TOEFL (Test of English as a Foreign Language) exams have been sat by more than 27 million people worldwide. TOEFL exams are geared to demonstrating a university level of proficiency in English: the right score leads to getting a place at university as well as acceptance by various professional bodies, and institutions.
So, what should you, as a novice EFL teacher, be aware of when preparing EFL students for TOEFL exams? Here are a few useful tips worth remembering.
The most important thing to know is whether your students are going to sit the TOEFL iBT (internet based test) or the TOEFL PBT (paper based test): the former is done on a computer linked to the WWW, but the latter is done handwritten. Unfortunately, you can’t elect to do the PBT if the country in which you are doing the TOEFL runs the iBT exam – so you definitely don’t want to mess up here!
A week or so before you start teaching your class, you should do the following things: visit the TOEFL site (http://www.ets.org/toefl/ibt/about/content/) and fully familiarize yourself with the format of the exam: pay careful attention to the time allowed for each paper, the number of questions, the format in which the questions are presented, and any important comments relating to the papers. Fully familiarize yourself with the iBT and PBT formats: especially any difficulties that may be associated with the iBT format. Finally, learn how the scoring system works.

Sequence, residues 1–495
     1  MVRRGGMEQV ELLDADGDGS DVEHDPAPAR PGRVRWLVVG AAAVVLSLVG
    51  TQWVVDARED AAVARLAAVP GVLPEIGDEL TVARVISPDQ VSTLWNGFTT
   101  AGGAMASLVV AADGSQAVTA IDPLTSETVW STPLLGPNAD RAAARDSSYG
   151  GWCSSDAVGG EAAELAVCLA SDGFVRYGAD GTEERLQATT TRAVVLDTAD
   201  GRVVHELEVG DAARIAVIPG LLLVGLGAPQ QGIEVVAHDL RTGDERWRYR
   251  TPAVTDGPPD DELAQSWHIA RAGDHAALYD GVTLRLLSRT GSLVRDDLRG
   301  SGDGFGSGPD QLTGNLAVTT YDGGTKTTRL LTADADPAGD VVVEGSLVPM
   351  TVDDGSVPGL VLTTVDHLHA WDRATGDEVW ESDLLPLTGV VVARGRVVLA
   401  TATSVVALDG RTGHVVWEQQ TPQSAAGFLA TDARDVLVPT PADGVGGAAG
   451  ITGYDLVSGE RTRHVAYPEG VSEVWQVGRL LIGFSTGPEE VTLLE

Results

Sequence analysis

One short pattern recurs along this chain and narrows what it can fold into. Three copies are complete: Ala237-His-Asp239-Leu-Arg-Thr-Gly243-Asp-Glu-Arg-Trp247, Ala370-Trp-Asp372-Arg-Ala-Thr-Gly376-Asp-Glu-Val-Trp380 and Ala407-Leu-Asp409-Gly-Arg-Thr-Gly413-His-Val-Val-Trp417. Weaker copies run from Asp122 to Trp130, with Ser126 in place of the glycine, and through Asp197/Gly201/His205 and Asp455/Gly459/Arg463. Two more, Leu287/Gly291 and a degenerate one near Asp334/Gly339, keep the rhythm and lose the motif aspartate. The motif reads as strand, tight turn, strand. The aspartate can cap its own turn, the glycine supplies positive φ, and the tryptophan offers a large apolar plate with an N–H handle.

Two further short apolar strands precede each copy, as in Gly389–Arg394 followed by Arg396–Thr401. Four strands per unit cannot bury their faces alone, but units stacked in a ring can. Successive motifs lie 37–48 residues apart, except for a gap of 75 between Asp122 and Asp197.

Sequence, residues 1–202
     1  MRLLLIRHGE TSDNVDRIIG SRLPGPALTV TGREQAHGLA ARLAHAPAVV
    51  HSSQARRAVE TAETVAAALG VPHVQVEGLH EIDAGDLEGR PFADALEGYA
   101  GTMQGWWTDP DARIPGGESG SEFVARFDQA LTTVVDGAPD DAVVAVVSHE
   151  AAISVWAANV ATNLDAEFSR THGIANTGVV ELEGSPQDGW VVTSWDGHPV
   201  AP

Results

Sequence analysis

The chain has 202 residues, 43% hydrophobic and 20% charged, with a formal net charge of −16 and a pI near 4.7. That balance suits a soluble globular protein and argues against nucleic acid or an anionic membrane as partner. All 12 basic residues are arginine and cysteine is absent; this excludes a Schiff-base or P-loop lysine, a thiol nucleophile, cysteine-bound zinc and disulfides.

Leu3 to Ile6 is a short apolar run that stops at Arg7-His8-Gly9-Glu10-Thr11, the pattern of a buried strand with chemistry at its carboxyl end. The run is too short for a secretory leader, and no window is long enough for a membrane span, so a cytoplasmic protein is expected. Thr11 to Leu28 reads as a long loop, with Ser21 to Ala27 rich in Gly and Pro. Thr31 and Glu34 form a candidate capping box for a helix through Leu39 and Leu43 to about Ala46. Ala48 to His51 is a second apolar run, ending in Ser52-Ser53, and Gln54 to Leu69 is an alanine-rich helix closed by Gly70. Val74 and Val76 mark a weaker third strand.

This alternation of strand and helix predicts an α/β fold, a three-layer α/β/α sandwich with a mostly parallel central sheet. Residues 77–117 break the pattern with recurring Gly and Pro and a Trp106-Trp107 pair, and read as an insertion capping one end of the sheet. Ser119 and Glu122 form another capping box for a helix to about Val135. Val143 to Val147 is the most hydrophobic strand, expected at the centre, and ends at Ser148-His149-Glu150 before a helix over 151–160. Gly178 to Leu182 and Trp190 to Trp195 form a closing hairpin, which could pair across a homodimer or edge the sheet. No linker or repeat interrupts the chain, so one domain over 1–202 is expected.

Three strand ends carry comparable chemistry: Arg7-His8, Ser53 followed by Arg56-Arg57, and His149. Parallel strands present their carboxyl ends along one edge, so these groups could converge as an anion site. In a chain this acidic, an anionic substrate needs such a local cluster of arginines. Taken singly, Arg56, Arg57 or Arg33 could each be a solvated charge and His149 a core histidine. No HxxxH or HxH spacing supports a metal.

All the information that you have now gained should be transmitted to your students: they MUST know every aspect of the exam that they are going to sit in the minutest of detail.
You should also decide on which book you are going to use, and you should get hold of some practice tests: there are some books that just contain TOEFL practice tests – use them!
Fortunately, your class will be well-motivated: so they will not get bored when faced with doing lots of practice tests, which should be done under exam conditions. You should also do a mock TOEFL exam about a month before the actual exam: this will give the students the opportunity to experience what it will be like in the real exam.
Lastly, empathize with your students: encourage them, and tell them that they are merely going to sit a final exam which is identical to all those previous tests that they have done.